A perspective from a Registry Partners Quality Consultants, Monica Reece, RHIT, CTR.
Reggie Joiner said, “The power of listening could be key in how we resolve conflict.” Poor listening and communication skills between co-workers are one cause of workplace conflicts. A leader’s primary responsibility is developing other people and helping them reach their professional potential. Part of this is assisting other people to become leaders themselves, and one skill to achieve leadership is resolving conflict. As a leader, be curious about what is bothering a colleague and try to see the problem as the other person sees it. In certain instances, an empathetic response is appropriate, while other times, it may be working through steps or a word of advice.
My father was a leader in his field and once told me a story about one particular workday. He had to fire an employee, and at the end of the meeting, the newly fired employee hugged him. He finished the story with, “how you talk to people matters.”
A leader can learn to see through the other person’s eyes by asking questions. Listening and speaking have been challenged by working from home because people have less opportunity to express themselves; however, listening can be achieved virtually as well, and it matters. Particularly for a leader, it’s important to remain responsive and supportive.
I learned from a written communication mistake along my work journey. I replied to an email from a colleague who was discussing a problem they were having. I wrote my email back as if I was talking to them on the phone; however, the colleague did not read it the way I intended. I read my email back after I learned that the colleague took offense. The second time I read it with my colleague’s point of view in mind, the outcome of my email read much differently from a different perspective. My colleague could not see my face or hear my tone through written communication. Through this, I learned to re-read my emails once over before sending, particularly for emails on the topic of working through a problem.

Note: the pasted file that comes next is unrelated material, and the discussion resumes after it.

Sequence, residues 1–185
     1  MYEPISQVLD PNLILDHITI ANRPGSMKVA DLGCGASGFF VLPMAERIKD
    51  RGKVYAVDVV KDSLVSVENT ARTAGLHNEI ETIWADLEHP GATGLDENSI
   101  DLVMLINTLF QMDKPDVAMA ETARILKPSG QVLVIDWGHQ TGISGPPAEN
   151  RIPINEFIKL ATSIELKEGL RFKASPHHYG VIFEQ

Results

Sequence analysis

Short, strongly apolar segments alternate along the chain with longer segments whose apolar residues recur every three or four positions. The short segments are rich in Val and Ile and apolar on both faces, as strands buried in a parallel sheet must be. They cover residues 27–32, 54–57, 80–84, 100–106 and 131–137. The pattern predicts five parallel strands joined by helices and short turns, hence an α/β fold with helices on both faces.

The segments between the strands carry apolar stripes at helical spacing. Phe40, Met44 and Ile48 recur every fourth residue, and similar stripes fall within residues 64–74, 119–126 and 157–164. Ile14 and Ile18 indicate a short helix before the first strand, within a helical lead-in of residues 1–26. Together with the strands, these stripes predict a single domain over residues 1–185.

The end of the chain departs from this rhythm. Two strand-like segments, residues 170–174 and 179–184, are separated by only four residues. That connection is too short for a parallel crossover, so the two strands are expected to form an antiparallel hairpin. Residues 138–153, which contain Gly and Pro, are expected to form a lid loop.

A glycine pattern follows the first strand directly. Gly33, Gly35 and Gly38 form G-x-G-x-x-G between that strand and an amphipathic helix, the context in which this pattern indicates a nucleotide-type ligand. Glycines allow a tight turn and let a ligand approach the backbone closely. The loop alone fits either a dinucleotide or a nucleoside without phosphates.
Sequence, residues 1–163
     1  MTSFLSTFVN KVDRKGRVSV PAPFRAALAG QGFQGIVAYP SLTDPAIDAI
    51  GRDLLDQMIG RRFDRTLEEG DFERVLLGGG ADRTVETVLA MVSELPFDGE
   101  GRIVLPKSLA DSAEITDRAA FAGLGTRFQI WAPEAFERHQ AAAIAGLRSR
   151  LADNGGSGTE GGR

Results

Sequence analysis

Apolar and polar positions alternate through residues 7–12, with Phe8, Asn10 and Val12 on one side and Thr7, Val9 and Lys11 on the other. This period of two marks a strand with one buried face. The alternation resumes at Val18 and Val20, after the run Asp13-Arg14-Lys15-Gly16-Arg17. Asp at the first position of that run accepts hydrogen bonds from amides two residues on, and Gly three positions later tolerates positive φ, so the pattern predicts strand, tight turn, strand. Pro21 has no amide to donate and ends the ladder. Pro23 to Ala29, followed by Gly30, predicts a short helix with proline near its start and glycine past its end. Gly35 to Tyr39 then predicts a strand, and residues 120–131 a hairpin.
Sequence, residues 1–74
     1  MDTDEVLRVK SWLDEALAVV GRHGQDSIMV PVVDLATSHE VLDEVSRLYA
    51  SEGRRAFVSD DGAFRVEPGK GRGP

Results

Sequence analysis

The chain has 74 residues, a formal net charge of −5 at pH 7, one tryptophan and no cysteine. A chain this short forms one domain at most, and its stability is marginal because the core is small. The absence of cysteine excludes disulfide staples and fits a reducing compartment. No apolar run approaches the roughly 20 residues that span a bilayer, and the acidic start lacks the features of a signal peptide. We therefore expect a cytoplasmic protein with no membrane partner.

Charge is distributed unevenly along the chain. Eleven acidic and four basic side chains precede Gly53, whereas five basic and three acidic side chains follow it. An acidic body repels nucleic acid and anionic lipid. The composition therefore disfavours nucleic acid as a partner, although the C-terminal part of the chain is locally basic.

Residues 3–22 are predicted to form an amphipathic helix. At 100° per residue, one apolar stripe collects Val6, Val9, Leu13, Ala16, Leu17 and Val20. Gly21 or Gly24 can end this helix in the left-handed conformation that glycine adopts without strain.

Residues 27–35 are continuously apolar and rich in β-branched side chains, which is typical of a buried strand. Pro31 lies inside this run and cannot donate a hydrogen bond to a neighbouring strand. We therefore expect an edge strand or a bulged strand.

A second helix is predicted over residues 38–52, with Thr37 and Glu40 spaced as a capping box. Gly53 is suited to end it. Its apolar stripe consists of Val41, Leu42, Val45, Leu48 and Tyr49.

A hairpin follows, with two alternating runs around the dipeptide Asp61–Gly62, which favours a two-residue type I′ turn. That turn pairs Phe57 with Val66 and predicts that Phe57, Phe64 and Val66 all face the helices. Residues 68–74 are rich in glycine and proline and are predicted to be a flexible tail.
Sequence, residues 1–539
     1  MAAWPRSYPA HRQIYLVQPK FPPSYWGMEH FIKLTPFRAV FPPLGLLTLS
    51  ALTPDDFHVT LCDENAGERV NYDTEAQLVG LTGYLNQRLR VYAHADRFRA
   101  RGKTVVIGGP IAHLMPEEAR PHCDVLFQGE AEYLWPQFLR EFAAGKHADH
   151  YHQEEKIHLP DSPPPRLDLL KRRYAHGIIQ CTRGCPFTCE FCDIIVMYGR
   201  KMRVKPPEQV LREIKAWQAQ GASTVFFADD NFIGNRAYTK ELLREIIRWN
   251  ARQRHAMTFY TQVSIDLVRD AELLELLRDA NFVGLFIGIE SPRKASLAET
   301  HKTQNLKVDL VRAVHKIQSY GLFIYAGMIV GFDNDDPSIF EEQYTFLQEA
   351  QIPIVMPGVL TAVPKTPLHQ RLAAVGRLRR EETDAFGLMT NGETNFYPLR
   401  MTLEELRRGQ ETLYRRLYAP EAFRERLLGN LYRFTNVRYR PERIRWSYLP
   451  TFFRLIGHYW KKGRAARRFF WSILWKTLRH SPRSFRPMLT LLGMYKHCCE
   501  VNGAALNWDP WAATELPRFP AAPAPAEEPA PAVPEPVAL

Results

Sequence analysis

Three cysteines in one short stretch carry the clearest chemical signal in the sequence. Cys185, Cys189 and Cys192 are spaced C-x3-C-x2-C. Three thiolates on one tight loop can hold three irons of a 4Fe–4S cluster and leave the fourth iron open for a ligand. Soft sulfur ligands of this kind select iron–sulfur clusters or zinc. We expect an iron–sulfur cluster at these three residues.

When a conflict has been resolved, what is one action we should do? We take something positive from it and grow. If you change your thinking, you can change yourself as a leader.
Developing the Leader Within You 2.0 by John C Maxwell
Employer News The Art of Deep Listening To Resolve Conflict